The point here is that the noisy, aggressive and inflexible minority are operating according to a system they know works – as Taleb points out, it has often succeeded. In fact has a roughly 50 year track record of success for them. I think many of them believe the lobster is virtually dead and they can turn the heat up to max. Hmm. I think they may be being a trifle impatient myself. I think a scalded and thus really angry lobster is due on the scene real soon now…
As I’ve explained before taking politics: Once, you had a situation where 74% of the customers would mostly buy any books but 26% would only buy from their own, which reflected their views. If you were in publishing it made sense (regardless of your own position) – sell books from the 26%, which pleased the 26% – that way you had a better chance at 100%. As the gatekeepers were part of the 26% everyone was happy, or at least everyone who mattered.
However, as Taleb points out: “if the manufacturing of Kosher lemonade cost substantially more, then the rule will be weakened in some nonlinear proportion to the difference in costs.”
Given the huge overhead in keeping the 26% and their NYC enablers happy being high – the difference between a trad e-book and an Indy e-book… I can see the product only mostly selling to the 26%, even if the content was palpably the same. It isn’t of course, I – for instance — don’t care deeply about appeasing the 26%, but do care about the rest. The 26% are not my customers anyway, and probably would not be. This is starting to result in obvious differences, and indeed the exclusion being applied, but in reverse.
Interesting times. A ghetto in which people are prepared to pay that premium might be the best Trad publishing can hope for. It will, de facto, be able to carry far, far fewer writers and publishers – at best 1/3 of the present load. As a writer, there start to be serious advantages in not being in it, although there will be a market to their own inside it.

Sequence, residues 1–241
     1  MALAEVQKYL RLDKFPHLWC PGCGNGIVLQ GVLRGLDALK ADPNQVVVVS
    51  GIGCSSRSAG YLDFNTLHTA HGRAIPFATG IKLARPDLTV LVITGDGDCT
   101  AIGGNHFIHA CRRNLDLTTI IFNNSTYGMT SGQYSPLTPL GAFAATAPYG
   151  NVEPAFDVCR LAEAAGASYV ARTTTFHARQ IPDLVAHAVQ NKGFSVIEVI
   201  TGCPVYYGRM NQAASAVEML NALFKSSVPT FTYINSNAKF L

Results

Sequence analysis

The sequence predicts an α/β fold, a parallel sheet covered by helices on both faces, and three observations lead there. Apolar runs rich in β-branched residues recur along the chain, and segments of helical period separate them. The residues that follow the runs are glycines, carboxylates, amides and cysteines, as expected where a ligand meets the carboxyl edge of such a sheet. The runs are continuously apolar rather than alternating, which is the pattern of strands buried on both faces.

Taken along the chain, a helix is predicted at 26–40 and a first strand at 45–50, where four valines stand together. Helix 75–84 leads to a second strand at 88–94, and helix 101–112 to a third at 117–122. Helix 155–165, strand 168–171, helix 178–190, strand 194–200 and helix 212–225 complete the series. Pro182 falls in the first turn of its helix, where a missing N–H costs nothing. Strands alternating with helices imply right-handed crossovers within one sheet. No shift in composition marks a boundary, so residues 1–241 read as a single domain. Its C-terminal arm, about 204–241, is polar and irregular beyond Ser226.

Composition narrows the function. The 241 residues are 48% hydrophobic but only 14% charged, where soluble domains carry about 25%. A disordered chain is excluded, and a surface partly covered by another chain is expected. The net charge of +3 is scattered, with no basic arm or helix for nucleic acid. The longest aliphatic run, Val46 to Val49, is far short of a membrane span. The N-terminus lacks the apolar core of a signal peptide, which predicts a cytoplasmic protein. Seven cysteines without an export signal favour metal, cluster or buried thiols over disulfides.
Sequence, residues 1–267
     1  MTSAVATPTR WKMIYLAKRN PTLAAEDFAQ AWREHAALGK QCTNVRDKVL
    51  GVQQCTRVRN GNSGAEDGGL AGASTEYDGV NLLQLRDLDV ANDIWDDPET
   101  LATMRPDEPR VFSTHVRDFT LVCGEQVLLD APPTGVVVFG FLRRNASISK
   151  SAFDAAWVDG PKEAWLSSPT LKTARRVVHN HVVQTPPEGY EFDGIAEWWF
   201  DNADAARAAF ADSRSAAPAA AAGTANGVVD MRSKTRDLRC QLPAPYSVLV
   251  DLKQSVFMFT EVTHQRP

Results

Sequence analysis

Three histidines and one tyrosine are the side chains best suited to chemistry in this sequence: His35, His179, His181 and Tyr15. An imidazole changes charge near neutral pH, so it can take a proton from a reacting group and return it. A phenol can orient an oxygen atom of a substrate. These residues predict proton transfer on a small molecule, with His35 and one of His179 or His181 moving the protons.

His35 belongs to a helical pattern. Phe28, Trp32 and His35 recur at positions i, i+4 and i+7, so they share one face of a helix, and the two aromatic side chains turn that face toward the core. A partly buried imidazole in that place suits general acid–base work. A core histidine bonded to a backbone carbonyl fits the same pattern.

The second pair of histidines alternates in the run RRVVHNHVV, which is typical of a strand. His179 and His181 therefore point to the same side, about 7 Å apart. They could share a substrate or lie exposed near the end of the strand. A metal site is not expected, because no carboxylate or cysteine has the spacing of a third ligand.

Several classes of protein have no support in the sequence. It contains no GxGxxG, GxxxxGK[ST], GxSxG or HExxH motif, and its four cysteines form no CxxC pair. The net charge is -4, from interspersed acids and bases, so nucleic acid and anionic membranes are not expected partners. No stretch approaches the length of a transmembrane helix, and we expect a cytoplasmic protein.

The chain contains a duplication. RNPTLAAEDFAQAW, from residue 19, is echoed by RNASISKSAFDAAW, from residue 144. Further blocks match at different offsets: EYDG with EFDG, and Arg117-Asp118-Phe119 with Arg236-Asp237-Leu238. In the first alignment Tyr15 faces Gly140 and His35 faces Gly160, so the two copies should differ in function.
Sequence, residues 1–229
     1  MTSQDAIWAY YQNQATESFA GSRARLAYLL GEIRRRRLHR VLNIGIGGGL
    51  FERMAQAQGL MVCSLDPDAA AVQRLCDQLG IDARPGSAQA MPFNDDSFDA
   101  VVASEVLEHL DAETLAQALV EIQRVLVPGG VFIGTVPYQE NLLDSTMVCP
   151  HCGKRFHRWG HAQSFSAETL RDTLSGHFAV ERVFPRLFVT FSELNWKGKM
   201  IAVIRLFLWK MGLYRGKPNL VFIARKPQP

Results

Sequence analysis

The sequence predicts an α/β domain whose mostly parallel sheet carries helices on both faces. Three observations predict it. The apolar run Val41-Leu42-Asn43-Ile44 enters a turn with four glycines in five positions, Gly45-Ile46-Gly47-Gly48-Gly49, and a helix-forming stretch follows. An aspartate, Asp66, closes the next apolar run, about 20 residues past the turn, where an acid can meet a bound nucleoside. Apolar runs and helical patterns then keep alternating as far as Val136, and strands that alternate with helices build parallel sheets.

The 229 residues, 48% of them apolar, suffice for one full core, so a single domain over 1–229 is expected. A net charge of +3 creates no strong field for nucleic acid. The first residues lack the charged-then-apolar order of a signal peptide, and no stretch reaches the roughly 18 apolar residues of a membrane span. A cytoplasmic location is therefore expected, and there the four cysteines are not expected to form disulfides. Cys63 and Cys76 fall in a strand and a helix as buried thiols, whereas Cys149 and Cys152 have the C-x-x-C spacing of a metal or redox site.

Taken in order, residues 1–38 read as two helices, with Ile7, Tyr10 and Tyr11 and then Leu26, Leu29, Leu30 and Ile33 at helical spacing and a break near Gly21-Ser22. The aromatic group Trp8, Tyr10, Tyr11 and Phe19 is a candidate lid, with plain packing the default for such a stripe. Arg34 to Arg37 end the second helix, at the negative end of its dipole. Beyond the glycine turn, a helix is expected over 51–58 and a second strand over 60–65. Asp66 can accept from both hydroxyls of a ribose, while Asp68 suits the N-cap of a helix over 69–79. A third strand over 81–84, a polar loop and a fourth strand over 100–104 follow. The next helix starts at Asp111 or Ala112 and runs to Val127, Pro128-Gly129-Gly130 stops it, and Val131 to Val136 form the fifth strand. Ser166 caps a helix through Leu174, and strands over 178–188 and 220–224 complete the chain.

Looking at this from the writer’s point of view, being intransigent with a customer who doesn’t have to buy your work can be… terminal for your career. Yes, I know a la Ghostbusters Remake you can try to scold your audience into paying to see you or they’re vile sexists etc. But well, it didn’t work for the prohibition, and didn’t work for them. It didn’t work very well for Chuck Wendig and his Starwars franchise story either. Chuck was being a smart cookie (I think anyway), backed by at least some of the traditional publishing establishment – not with the gay angle, but with the second person present tense… If he’d got enough readers used to that… well, it shuts down the readers to third or first person past tense. One grows used a form (it’s a one-way filter, if the newer books are written like this. In time it will win). In that way, well he’d have successfully eliminated the ease of reading for a lot of readers for a huge body of historical and rival works. As a writer… there goes my pension. As readers, there goes a huge volume of used and cheap books. I don’t wish him the best in this.